In its report on "passive euthanasia", the panel has recommended that government evolve a comprehensive law in this regard. It said a "competent" adult patient who can take an informed decision, has the right to insist that there should be no invasive medical treatment by way of artificial life sustaining measures.
The report, presented to the government in August 2012, was tabled in Parliament today. The panel, which advises government on complex legal issues, said such a decision is binding on doctors or hospital attending to such patient provided that the doctor is satisfied that the patient has taken an "informed decision based on free exercise of his or her will."
The Commission said the same rule will apply to a minor above 16 years of age who has expressed his or her wish not to have such treatment provided the consent has been given by one of the parents of such patient.
The panel said if patients cannot take a decision on their own, then the decision of the doctors or relatives to withhold or withdraw the medical treatment will not be final.
"The relatives, next friend, or the doctors concerned or hospital management shall get the clearance from the High Court for withdrawing or withholding the life sustaining treatment," it recommended. It suggested provisions for protection of medical practitioners and others who act according to the wishes of the competent patient or the order of the High Court from criminal or civil action.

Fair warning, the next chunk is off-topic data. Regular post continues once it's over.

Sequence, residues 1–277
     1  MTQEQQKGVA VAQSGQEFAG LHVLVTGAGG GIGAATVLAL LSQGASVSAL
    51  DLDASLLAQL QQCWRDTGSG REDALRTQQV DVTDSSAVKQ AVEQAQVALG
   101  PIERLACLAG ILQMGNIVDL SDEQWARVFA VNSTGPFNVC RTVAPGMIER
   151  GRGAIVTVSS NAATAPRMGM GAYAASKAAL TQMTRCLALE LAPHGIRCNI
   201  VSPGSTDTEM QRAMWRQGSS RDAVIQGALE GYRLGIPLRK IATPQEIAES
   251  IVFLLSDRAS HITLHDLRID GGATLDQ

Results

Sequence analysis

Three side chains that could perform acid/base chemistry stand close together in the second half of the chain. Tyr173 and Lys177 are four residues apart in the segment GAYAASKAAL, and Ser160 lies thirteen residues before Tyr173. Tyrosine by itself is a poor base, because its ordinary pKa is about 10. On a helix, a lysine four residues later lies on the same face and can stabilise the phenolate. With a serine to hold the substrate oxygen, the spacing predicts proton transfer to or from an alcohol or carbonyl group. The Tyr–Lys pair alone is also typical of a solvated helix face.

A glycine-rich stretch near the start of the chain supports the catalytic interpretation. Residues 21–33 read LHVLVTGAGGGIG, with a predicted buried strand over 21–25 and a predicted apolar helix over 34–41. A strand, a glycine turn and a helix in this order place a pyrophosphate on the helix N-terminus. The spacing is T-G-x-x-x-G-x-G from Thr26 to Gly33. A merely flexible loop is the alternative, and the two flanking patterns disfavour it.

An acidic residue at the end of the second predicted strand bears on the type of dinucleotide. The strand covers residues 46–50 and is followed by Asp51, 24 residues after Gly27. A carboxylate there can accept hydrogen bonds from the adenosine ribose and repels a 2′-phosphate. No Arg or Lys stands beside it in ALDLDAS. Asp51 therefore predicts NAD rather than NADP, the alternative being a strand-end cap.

"Further, a competent patient (who is terminally ill) "Further, a competent patient (who is terminally ill) refusing medical treatment shall not be deemed to be guilty of any offence under any law," the panel said.
It also said the governments will have to devise schemes for palliative care at affordable cost to terminally ill patients undergoing intractable suffering.
In 2011, the Supreme Court had put its seal of approval on passive euthanasia for 60-year-old nurse Aruna Ramachandra Shanbagh, living in a vegetative state for nearly four decades in a Mumbai hospital after a brutal sexual assault.
The apex court noted that while active euthanasia (mercy killing) was illegal, "passive euthanasia" can be permissible in exceptional circumstances.
In April 2011, the government had asked the panel to study the feasibility of framing a law for euthanasia after the SC legalised passive euthanasia and said its verdict will be the law of the land until Parliament enacted a law on the issue.